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NYM@ATL: Torres tosses seven solid innings vs. Braves

The Nationals are entering the final three weeks of the season still clinging to the hope they can stay in the race for a National League Wild Card spot. They would need teams like Cincinnati and Arizona to go on losing streaks. Even if that were to happen, Washington could only capitalize if it puts together a considerable winning streak.

In order to do that, the Nationals could certainly use some big starts from Gio Gonzalez down the stretch.

The left-hander will be on the mound on Monday when Washington starts a four-game series against the Mets at Citi Field. Carlos Torres, who has pitched well since taking over for Matt Harvey in the rotation, will be on the mound for New York.

Gonzalez is coming off a rough outing against the Phillies in which he allowed five runs (one earned) on five hits over 5 2/3 innings. He didn't have much help from his defense, though, as Washington committed three errors.

"Gio had a real rough start. He threw a lot of pitches," Nationals manager Davey Johnson said after that game. "He hung in there. [The fielders] were sloppy behind him. It's not the way you win pennants, I'll tell you that."

Just two starts ago, Gonzalez was dominant against the Marlins. He gave up only three hits over seven scoreless innings, while walking three and striking out eight. The Nationals could use more of those types of performances from Gonzalez in the final stretch of the season.

Torres, meanwhile, has given the Mets a couple of solid starts after taking over for the injured Harvey. In his last outing against the Braves, the right-hander allowed three runs on seven hits over seven innings. But he was shutting Atlanta out until the seventh, when he allowed all three runs.

"He's been pitching good," said Mets manager Terry Collins after the eventual 3-1 loss to the Braves. "Carlos, for the most part, has pitched very, very well for us. Even starting, he's really pitched good. He gave us a chance. We just couldn't put up any runs."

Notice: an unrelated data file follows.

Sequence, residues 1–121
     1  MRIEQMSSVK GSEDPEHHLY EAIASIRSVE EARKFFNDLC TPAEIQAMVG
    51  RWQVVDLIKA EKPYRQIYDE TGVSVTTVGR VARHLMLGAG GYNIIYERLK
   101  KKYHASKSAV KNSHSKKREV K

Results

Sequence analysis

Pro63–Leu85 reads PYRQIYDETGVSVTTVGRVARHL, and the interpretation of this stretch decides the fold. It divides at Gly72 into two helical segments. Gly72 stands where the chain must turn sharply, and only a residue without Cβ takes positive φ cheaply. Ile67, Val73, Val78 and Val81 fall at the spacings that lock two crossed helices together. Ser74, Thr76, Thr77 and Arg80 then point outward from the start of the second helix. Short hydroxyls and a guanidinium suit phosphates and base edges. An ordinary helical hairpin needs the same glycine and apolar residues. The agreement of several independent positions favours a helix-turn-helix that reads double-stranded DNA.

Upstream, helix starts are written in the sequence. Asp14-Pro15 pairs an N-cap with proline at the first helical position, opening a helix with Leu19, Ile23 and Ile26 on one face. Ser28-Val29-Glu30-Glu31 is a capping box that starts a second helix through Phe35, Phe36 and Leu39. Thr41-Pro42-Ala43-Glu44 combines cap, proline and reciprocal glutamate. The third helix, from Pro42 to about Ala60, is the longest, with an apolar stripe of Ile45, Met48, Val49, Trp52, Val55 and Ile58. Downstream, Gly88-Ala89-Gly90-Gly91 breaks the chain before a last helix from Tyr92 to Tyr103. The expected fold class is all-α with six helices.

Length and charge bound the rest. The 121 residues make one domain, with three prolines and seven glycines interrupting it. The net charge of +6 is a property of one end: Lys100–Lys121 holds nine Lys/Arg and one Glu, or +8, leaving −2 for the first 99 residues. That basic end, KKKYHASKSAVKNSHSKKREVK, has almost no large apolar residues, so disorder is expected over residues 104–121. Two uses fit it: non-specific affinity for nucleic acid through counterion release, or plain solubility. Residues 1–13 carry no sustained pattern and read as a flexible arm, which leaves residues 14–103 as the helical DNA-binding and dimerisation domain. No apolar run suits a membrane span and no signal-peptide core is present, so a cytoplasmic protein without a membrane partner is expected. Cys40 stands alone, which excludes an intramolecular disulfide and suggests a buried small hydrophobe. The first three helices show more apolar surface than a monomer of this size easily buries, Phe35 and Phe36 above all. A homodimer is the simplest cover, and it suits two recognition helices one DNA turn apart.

The Mets aren't in the playoff race, though, so Torres' performances are only giving New York hints about how they could use the right-hander next season.

Gonzalez, on the other hand, is going to look to keep Washington's postseason hopes alive.

Mets: Francisco back with Mets

• After having surgery in December to remove a bone spur from his right elbow, Frank Francisco has finally made it back to the Mets with about three weeks left to go in the season.

The Mets activated the right-hander from the 60-day disabled list on Saturday, and Francisco was back in uniform for their series finale against Cleveland on Sunday. It's been a rough road back to the big leagues for Francisco, who continued to experience soreness during his rehab process.

Once he was finally healthy enough to pitch regularly, Francisco went 0-2 with a 0.75 ERA in 12 regular-season Minor League rehab games with the Rookie League Gulf Coast Mets, Class A St. Lucie and Double-A Binghamton. Francisco also pitched two scoreless innings in two playoff games with Binghamton.

Collins said he doesn't expect to use Francisco in many save opportunities.

"I'll get him in there when I think he's got the opportunity to get some outs," Collins said. "He hasn't pitched back-to-back days, so that's probably something we'll have to be very careful of."

Francisco came into Sunday's game with one out and two runners on base in the eighth inning. He walked Yan Gomes, but then got Asdrubal Cabrera to ground into an inning-ending double play.

Francisco pitched in 48 games last season, and had 23 saves and a 5.53 ERA. The Mets signed the 33-year-old to a two-year, $12 million contract before the 2012 season.

• Harvey, who has a partial tear of the ulnar collateral ligament in his right elbow, is still trying to decide whether or not he should have Tommy John surgery. He'll get a second opinion from Dr. James Andrews, likely in the coming week.

Nationals: Detwiler hopeful of returning this season

• Pitcher Ross Detwiler, who's been on the disabled list since July 4 with a herniated disk in his lower back, threw a 20-pitch bullpen session, as he looks to get back to the Nationals' rotation at some point this season.

"I think it's like at Spring Training, because I felt strong for all 20. But there's a reason they stopped me at 20," Detwiler said. "That was the plan going in. I think they know a little better about building people up than I do. If it was up to me, I would've gone until I couldn't stand up anymore and see where I'm at then."

The left-hander will throw another bullpen session on Wednesday in New York, and will throw 10 more pitches.

Detwiler was 2-7 with a 4.04 ERA in 13 starts with Washington before going on the disabled list.

Worth noting

• Denard Span went 1-for-5 on Sunday, and has now hit safely in a career-high 19 consecutive games. He's hitting .397 over that stretch.

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